Heading towards our Guatemala/Honduras border crossing we stayed at a superb little campsite outside of Chiquimala, which as a bonus had a superb swimming pool. Camping was free, use of pool was 25 quetzals each ($4) 24 hr security. We had 4 glorious 4 nights here.
Had a security “gate” made and fitted by Marvin, the wonder welder between cab and living space, ready for our RORO shipping to Cartagena, Colombia. RORO means roll on roll off, and you have to leave the keys to your vehicle with the ships Capt. (or someone), so if there is access to personal space and items, one stands a very good chance of being totally denuded of everything! Quite common.
A little side journey South from here to the town of Esquipula which receives 1 million visitors many who queue for hours to see Christ Negro, a black Christ who appeared and cured a dying Spanish Priest in the 15th Century. The queue when we were their was snaking 1 km, in temperatures close to 90 F.

Crossed the border into Honduras, which we had heard could be problematic. Well prepared for this. Gulp! We had six colour copies made of all documents pertaining to Wiggy and us. Had them “Plasticoed’ and cut to look very similar to our originals. Never, ever hand over original documents!!! Too much hassle and “Admin. Costs” to get them returned. No problem at this Frontera for the Wiggie team!

First Honduran night was in Copan Ruinas, a quaint gated little city. The Mayan ruins here are the most southerly of the Mayan civilisation. The city road was fine driving in, but to get out all gates had ‘roofs’ were too low for us to get through. Had to stop traffic, reverse and attempt another exit. Thwarted twice more before we eventually “escaped”. Hoots and Holas from locals. Just gorgeous.

We use for navigation. It’s an offline maps App which to the most part, here in Central America has been pretty jolly good. Our TomTom is useless here. But twice has got us into some extremely difficult positions. The app always advising the shortest route which can mean the crow can fly this way and so can you. Not!
We had read that to complete the Honduran driving experience the route across the Mountains through coffee plantations was well rewarded. We agree. the Mountains and plantations were simply stunning. The aroma of harvested and cleaned coffee is not as you would imagine. The beans have a pungent smell a bit like fermented barley, as they are cleaned and then dried in the sun on huge tarps. Men continuously rake the beans and they change colour in the really hot climate.

When you next have your morning “Heart Starter”, give a thought to these very hardworking Hondurans.  They endure so much hardship. said turn right at a tiny village to take this mountainous route. Gut instinct, (note to ones self, trust your gut) here said turning right didn’t seem right somehow. We checked with a local, in our very bad Spanish. We pointed and shrugged, he pointed and smiled. So, we turned right.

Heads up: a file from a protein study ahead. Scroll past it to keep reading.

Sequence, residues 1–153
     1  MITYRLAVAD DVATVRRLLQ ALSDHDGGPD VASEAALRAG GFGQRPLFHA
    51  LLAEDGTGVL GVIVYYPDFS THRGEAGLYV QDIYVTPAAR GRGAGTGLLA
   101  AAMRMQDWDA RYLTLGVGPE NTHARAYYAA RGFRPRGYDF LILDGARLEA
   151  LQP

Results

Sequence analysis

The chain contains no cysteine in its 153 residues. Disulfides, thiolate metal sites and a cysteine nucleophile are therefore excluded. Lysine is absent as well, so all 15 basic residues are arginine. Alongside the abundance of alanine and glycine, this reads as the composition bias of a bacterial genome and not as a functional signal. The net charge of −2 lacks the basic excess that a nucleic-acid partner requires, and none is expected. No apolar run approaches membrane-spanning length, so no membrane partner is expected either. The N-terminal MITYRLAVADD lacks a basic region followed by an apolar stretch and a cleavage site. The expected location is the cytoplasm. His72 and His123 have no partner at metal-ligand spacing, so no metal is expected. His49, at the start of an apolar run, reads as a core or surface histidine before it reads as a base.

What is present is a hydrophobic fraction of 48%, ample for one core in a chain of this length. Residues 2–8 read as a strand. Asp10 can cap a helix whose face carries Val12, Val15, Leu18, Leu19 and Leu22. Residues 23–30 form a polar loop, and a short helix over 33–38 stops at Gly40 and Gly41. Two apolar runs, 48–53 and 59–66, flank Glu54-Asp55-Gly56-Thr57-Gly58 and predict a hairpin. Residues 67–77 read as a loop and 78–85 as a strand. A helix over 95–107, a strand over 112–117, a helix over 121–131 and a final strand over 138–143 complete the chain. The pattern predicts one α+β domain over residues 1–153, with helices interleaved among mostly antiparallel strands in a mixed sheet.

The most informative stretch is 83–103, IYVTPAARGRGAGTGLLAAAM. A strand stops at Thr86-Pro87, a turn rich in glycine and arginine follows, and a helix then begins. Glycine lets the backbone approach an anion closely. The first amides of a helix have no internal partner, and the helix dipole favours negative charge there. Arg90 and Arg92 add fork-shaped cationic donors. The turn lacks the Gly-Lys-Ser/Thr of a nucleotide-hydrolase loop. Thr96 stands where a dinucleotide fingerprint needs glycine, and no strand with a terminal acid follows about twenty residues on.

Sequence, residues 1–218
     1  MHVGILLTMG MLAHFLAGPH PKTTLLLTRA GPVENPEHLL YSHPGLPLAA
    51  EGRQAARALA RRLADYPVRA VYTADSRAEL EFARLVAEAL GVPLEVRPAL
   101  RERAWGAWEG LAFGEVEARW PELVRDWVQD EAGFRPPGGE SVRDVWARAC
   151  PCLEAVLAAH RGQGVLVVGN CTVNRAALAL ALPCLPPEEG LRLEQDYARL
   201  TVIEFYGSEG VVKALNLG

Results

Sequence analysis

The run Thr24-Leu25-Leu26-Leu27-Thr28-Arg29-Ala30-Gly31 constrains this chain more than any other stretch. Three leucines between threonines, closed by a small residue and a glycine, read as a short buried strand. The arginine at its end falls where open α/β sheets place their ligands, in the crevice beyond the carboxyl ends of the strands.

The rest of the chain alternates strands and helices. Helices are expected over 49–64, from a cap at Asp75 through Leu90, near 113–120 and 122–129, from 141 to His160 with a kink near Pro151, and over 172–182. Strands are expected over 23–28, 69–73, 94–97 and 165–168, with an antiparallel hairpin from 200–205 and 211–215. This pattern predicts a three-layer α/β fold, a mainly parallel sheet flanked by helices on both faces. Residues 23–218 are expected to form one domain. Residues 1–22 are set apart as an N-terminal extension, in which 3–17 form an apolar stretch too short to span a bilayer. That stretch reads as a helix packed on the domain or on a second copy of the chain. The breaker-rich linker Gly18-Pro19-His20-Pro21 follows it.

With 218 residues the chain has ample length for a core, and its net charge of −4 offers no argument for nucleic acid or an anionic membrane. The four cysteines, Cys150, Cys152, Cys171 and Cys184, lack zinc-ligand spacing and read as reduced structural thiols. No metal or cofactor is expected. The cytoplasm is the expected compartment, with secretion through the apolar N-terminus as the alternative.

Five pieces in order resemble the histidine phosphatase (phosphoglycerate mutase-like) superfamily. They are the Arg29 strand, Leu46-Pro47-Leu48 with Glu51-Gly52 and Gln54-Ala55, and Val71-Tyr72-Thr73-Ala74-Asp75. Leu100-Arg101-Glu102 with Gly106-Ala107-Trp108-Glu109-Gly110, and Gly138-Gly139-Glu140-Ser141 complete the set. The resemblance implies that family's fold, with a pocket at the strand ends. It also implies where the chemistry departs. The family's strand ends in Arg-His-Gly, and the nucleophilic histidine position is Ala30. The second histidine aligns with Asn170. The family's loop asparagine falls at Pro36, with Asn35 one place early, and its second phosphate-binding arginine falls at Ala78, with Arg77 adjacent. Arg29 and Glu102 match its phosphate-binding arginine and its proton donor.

As you would. OK!

This, dear readers, is where the shit really hit the proverbial fan! The track was steep and continued to narrow until there really wasn’t a road. Hairpin bends over grown with jungle vegetation not allowing the slightest of “round the corner” views. Urban male Hondurans (and Guatemalans) all carry machetes, I suspect because you can almost hear the jungle growing around you. Stop for too long and you become part of the landscape and have to slash your way out.
We had been travelling all day in 4×4 high range. Up ahead the narrow track turned to a single very steep track. Wash outs meant deep gutters (dry thank god). We had no other choice but to attempt it, reverse? Not an option! We had 100 mtrs before the track widened and flattened somewhat, then another corner and steeper incline to negotiate but without washouts. Signs of habitation after walking the track saw double tracks meant other vehicles use the track further on. 1 hour later after backfilling gutters with rock and visualising the finish line was time to “gun” it.
Some local coffee growers appeared and told us all would be fine, we should continue, and walked the track for a little while to check on our progress. They were great.
An aside. these people work so hard, are extremely impoverished, and some of the most generous souls we have met. They hate to say no, so we guess thats why the original guy at the ‘right’ turnoff urged us on. He was very polite.